An Aliquippa police officer watches as a young man rides his bike as a unicycle in the streets of Plan 11 in Aliquippa, Pa. USA, on September 18, 2015. Plan 12 is one of the city’s most crime-ridden areas where the police enforce a “no loitering” ordinance. But many residents say there’s not enough to keep the youth of the city from hanging out on street corners.
Aliquippa Police Sgt. Giovanni Trello, 33, patrols the neighborhood of Plan 12 in Aliquippa. Plan 12 is one of the city’s most crime-ridden areas where the police enforce a “no loitering” ordinance. But many residents say there’s not enough to keep the youth of the city from hanging out on street corners.
An Aliquippa resident in Wawro’s, a local tavern in the downtown area.
An Aliquippa resident talks on her cell phone after stopping into Bert’s Barber Shop to buy a couple of cigarettes from owner Bert Hart. 80-year-old Hart (left) has been cutting hair in his Aliquippa barber shop for the past 60 years. Hart moved to Aliquippa in the boom times of the 1960’s and opened Bert’s Barber Shop in 1966. At that time the town was home to over 26,000 people but most of the homes and businesses along his street are gone as well as most of the people. At one time Hart owned three adjacent buildings, housing a bar, apartment building and the barber shop, in the Plan 11 neighborhood. The three-chair shop is a place where people hang out here and talk about everything from politics to religion and sports as well as the good old days when Aliquippa was thriving.
Aliquippa head coach Mike Zmijanac gives a final pep talk to his team before their homecoming game on Sept 18, 2015 in Aliquippa, Pa. USA. Zmijanac, the winningest coach of what is said to be the best high school program in the region, says that he loses six or so of his players to drugs and violence and the pull of the street each year. Pretty steep obstacles for a coach and team to overcome, but the team averaged 10 wins a year for the past 30 years. The team was the training ground to NFL greats like Mike Ditka, Sean Gilbert, and Ty Law, all of whom were Aliquippa graduates.
Aliquippa fans sit in the rusting steel and wooden bleachers of Carl A. Aschman Stadium for the 2015 homecoming game. “The Pit” as it is called is sacred ground and fans still come in droves to watch their beloved school’s football team play in a stadium that was built in 1937. Although the city has its share of problems with drugs and violence, a home football game is said to be the safest place in the city as everyone puts their differences aside to support the team.
Players on the Aliquippa High School football team walks across Carl A. Aschman Stadium following practice field to prepare for their homecoming game. The rusting steel of the wooden bleachers and the crumbling concrete shows the age of Carl A. Aschman Stadium, the home of the Aliquippa High School football team. The fans still come in droves to watch their beloved school’s football team play in a stadium that was built in 1937.
Aliquippa head coach Mike Zmijanac meets with his coaching staff before their homecoming game. Zmijanac has never played a down of organized football but he is the winningest coach of what is said to be the best high school program in the region.
A truck leaves the former site of the Jones and Laughlin Steel mill that occupied a seven mile stretch along the Ohio River Aliquippa, PA from 1905 until its closure and demolition in 1988. The tunnel was once the main entrance to the mill for the workers. Now the site is home to several small industrial businesses including United States Gypsum where they manufacture construction wallboard.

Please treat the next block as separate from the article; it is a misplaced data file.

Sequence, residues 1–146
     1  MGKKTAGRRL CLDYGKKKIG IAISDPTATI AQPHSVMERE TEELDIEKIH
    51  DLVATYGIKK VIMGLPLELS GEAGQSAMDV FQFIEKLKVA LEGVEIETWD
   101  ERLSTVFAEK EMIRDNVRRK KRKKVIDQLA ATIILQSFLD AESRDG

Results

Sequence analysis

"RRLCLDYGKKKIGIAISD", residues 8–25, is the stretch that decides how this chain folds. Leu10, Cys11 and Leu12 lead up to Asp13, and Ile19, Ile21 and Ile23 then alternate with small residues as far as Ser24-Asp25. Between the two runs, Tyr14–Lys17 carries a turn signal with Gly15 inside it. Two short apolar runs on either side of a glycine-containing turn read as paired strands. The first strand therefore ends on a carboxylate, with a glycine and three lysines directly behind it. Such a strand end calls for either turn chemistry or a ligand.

A woman shows off her Italian spirit during the 90th San Rocco Festa in Aliquippa. The festival, a three-day religious celebration, is held annually in August honoring St. Rocco, a patron saint of the city of Potenza, Italy where many Italians in Aliquippa can trace their ancestry.
Ryan Beaver, 30 of Aliquippa, pours shots of liqour Sambucca for the participants and spectators of the 90th annual San Rocco Festa procession. The festival, a three-day religious celebration, is held annually in August honoring St. Rocco, a patron saint of the city of Potenza, Italy where many Italians in Aliquippa can trace their ancestry.
The 90th San Rocco Festa procession makes its way through Sheffield Terrace in Aliquippa. The procession resembles a parade, but it is different as the participants stop at houses along the route to have food and drink. The festival, a three-day religious celebration, is held annually in August honoring St. Rocco, a patron saint of the city of Potenza, Italy where many Italians in Aliquippa can trace their ancestry.
San Rocco Festa committee members, stand near the San Rocco Festa plaque on August 9, 2015 in Aliquippa, Pa., USA. Spectators who line the procession route come into the streets to pin money onto the banner. The money from the banner and other festival proceeds are donated to charities in the name of San Rocco. The festival, a three-day religious celebration, is held annually in August honoring St. Rocco, a patron saint of the city of Potenza, Italy where many Italians in Aliquippa can trace their ancestry.
The Baby Doll dance is the finale to the 90th San Rocco Festa in Aliquippa. Legend claims the doll dance is derived from a story derived from an Italian folk tale about how a young girl bitten by a spider is saved by dancing out the venom while whirling with her true love. The festival, a three-day religious celebration, is held annually in August honoring St. Rocco, a patron saint of the city of Potenza, Italy where many Italians in Aliquippa can trace their ancestry.
A tribute to composer Henry Mancini adorns an abandoned building along Franklin Ave. in Aliquippa, Pa. The Italian-American composer, conductor and arrange is best remembered for his film and television scores including The Pink Panther Theme and the theme to the Peter Gunn television series.
A boy stays warm under a Pittsburgh Steelers football blanket as he walks along the foggy streets of the McDonald Heights neighborhood of Aliquippa, Pa., USA on May 7, 2015.
The photographs featured in this essay are part of the project Searching for Dream Street, an ongoing photographic expedition to document the status of the old steel towns along the Allegheny, Monongahela, and Ohio rivers within approximately 40 miles of Pittsburgh, Pennsylvania.